Introduction: Reconstructive urologists often place both a urethral catheter (UC) and suprapubic (SP) catheter intraoperatively to prevent extravasation of undrained urine across anastomosis sutures after various urethroplasty surgeries. Postoperatively, many surgeons leave one catheter to gravity drainage and cap the other. As no consensus exists on which catheter drains the bladder more completely, we sought to identify differences in urine outflow and if both catheters should be opened to maximize bladder drainage.
Methods: Urine output (UOP) records from patients who underwent Stage II Phalloplasty with urethral lengthening from 5/2017 to 11/2020 were retrospectively reviewed. Both a UC and SP catheter were placed to gravity drainage postoperatively. UOP (ml) from each catheter was recorded separately, twice daily, through discharge. Mixed model regression modeling tested for differences in UOP by catheter French (Fr) and time.
Results: In total, 18 patients were identified. In 14 of 18 patients (78%) a 16 Fr UC and SP catheter were placed intraoperatively. Median length of stay was 5.0 days (range: 1.5, 7.0). The aggregate number of 12-hour shift UOP observations was 331 (165 for UC, 166 for SP catheter). SP catheters had a mean 308 ml higher output than UCs per 12-hour shift (p=0.004; 95% CI: 116, 501 ml). Multivariable analysis (Table 1) considering time of day (p=0.149) and catheter Fr (p=0.118) shows that SP catheters had an estimated 345 ml higher output than UCs per 12-hour shift (p=0.001; 95% CI: 174, 517 ml).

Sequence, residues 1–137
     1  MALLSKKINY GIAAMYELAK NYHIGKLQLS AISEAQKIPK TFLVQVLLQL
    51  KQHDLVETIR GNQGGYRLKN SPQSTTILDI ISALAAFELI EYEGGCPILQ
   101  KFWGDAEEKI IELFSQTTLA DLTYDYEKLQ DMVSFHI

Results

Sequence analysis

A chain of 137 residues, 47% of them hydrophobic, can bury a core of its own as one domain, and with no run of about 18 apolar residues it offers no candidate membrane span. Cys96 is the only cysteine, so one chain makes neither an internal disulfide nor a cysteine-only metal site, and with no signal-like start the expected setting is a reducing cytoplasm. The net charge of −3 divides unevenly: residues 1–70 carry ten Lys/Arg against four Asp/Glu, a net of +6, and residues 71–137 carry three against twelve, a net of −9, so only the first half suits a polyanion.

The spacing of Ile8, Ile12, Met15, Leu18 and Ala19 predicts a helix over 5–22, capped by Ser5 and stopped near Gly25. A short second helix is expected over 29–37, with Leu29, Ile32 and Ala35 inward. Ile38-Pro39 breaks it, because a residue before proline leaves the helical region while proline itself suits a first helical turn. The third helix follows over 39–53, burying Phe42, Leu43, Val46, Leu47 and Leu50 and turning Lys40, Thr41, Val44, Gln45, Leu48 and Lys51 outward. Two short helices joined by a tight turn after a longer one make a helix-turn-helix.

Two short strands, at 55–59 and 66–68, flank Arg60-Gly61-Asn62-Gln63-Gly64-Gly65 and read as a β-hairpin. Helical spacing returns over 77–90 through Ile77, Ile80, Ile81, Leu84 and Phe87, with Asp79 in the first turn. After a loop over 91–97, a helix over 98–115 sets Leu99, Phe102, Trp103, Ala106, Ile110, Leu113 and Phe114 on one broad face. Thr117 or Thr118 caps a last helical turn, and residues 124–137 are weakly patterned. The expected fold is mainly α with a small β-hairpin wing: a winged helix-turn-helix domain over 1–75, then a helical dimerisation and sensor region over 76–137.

Conclusions: Simultaneous bladder drainage by both a UC and SP catheter is associated with significantly greater drainage from the SP catheter (59.7% vs 40.3%). The difference in urinary drainage is likely explained by the SP catheter tip and drainage inlet residing in a more gravity-dependent location, within the funnel-shaped bladder neck (Figure 1). These findings suggest that when using two catheters, both should be placed to gravity drainage. For drainage with a single catheter, SP catheters will likely drain the bladder more completely than UCs.
Source of Funding: NIH R01 Grant #CA20170901 (PI: Maurice Garcia).
Research funding support from the Dr. Richard Onofrio Research Grant to the Cedars-Sinai Transgender Surgery and Health Program